There is just over a month to go for Australian students who want to apply for entry into two exciting international postgraduate programs in energy systems and data science - and if their application is successful, they could be studying in London this year.
Building on UniSA’s strong partnership with University College London, two new joint masters’ programs – the Master of Science in Data Science (International) and Master of Science in Sustainable Energy Systems - will commence in September.
UniSA Pro Vice Chancellor: IT, Engineering and the Environment, Professor Simon Beecham says the new offerings will give masters students a remarkable opportunity to gain international perspectives in their field of study.
“In both of these programs, students will be learning from experts with broad international experience and they will be gaining industry experience in two counties,” Prof Beecham says.
“They will also have the advantage of having a joint Master’s degree from both UCL, a world top 10 university and UniSA, listed in Australia’s top 10 for universities under 50 years, according to the world rankings QS rankings.
“Most importantly though, is that both universities have strong engagement with industry and students in these programs will learn in an industry context – either through relevant placements and projects during their studies or through a curriculum deeply informed by industry realities and challenges.”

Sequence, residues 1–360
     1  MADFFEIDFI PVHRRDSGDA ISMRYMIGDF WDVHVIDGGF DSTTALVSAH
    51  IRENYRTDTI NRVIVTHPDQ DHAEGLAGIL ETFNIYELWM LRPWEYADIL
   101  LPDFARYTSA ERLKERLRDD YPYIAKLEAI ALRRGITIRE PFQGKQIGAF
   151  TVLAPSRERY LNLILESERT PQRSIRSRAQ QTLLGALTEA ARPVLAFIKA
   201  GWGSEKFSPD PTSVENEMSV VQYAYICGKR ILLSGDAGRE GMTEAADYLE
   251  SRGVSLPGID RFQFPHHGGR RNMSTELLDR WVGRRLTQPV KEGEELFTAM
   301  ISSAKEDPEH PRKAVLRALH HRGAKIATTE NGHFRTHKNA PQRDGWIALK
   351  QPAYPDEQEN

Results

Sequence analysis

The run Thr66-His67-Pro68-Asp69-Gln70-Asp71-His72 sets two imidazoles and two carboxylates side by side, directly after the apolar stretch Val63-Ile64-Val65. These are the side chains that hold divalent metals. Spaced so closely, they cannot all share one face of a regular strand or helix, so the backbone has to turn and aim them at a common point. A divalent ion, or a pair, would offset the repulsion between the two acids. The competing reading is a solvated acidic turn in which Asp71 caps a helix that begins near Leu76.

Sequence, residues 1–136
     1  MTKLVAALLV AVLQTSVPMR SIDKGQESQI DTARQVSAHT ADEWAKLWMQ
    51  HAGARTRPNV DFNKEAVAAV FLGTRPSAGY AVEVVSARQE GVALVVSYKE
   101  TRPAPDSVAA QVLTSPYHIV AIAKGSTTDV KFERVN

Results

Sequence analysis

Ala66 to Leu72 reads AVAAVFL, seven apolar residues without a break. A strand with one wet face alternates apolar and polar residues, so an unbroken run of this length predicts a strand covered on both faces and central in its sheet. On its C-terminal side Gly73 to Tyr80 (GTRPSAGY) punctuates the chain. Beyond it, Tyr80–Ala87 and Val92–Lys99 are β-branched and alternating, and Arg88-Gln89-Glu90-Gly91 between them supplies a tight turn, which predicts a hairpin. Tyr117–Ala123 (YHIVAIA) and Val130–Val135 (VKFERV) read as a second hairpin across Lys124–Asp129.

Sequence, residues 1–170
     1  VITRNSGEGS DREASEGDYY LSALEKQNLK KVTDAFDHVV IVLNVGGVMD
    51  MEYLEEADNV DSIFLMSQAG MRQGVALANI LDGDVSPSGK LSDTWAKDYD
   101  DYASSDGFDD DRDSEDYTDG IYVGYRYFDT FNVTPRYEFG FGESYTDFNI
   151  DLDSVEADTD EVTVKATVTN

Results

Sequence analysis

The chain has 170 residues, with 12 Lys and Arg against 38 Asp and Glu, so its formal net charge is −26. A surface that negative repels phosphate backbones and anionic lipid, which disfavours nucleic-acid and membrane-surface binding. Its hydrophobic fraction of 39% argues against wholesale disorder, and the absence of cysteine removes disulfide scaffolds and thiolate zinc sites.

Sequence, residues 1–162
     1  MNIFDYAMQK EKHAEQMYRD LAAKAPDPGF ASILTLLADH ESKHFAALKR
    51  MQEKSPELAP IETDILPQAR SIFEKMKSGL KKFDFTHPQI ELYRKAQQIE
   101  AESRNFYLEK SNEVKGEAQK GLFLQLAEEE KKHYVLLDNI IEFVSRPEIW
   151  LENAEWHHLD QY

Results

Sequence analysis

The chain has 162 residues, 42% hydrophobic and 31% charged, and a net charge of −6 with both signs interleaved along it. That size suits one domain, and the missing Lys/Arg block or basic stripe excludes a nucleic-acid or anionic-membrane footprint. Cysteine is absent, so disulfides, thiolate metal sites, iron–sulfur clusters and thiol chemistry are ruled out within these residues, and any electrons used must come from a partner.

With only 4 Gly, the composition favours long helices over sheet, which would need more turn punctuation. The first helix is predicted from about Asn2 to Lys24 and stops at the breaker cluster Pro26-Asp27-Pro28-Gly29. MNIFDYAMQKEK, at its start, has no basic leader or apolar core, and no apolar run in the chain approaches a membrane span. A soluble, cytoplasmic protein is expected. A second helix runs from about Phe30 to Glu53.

Prof Beecham says the programs offer a unique opportunity for Australian students to look at those challenges through a new lens – in the context of the European market and the changes that Britain’s exit from the EU will mean for business and development both in data science and sustainable energy.
Dean of Faculty of Engineering Sciences at UCL Professor Nigel Titchener-Hooker says he is delighted to see the flourishing of the partnership with UniSA and how it is providing international opportunities for students.
“We live in a world completely transformed by globalisation and it is an enormous advantage for any graduate to have studied across cultures and continents,” Prof Titchener-Hooker says.
“This teaching collaboration will offer students not only two excellent engineering programs, but also access to industry-engaged projects in two different business environments, working on energy and data science problems in the context of different environments – and that is a real asset.”
More information about the new joint postgraduate degrees is available online.
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